No voice, no power

In response to Troy Marshall's article on accepting ethanol (February 2008, Should we just accept and adapt?), I absolutely agree. While I know

In response to Troy Marshall's article on accepting ethanol (February 2008, “Should we just accept and adapt?”), I absolutely agree. While I know I'm preaching to the choir, having an extra direct subsidy for ethanol benefits one crop (which happens to be the largest acreage in the country). The benefits have good intentions, but the effect on many other areas is devastating. Byproducts are a wonderful option for feed, but will be priced as close to corn as the market can bear.

When the entire industry seems to be based on corn, the ethanol subsidy could be considered a cattleman's tax. Recent talk about a shifting in the industry to forage-based programs is excellent until you consider the price of land. Land that brought $2,000/acre just a few years ago has blown right past $5,000/acre. Where does that leave us? Extremely high overhead cost, extremely high inputs and shrinking margins.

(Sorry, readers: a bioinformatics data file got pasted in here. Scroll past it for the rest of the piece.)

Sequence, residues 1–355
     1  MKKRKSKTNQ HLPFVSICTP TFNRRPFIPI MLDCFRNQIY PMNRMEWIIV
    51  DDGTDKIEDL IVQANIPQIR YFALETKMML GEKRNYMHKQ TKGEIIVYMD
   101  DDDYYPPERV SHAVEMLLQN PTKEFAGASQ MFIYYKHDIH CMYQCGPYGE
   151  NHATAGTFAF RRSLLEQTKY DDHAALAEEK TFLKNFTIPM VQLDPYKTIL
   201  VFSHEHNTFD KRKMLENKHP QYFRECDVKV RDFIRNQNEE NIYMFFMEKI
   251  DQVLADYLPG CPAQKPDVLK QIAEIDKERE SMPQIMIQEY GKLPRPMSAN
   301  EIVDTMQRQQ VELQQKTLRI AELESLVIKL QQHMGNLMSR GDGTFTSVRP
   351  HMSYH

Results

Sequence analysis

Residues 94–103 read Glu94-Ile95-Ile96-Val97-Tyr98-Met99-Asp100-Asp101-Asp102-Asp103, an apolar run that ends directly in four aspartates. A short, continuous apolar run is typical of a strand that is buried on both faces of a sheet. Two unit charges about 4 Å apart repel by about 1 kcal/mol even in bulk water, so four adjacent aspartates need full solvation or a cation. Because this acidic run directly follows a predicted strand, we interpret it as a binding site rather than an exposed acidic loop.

The cattle industry has prided itself for years on its independence; a review of farm-bill proposals and mandates seemingly covers every single industry but cattle. Do we want government intervention? Absolutely not. Do we need some fairness in agriculture? Yes. The cattle industry is not going to just survive, it's going to thrive.

As markets reopen, the cowherd shrinks and cattle continue to convert forage, byproducts and industry leftovers to the best-tasting and healthy eating experience the world population wants and needs, we will move forward. It's clear, however, that the cattle industry has no voice and power.
Kris Folland
Halma, MN

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